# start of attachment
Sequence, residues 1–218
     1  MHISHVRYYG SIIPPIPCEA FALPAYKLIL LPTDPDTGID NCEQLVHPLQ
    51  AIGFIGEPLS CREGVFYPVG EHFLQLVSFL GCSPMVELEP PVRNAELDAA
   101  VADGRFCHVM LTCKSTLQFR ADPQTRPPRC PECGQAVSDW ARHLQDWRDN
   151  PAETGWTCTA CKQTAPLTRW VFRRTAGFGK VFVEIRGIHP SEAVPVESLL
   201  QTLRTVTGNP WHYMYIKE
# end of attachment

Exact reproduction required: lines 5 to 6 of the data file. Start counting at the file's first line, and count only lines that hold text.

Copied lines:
   151  PAETGWTCTA CKQTAPLTRW VFRRTAGFGK VFVEIRGIHP SEAVPVESLL
   201  QTLRTVTGNP WHYMYIKE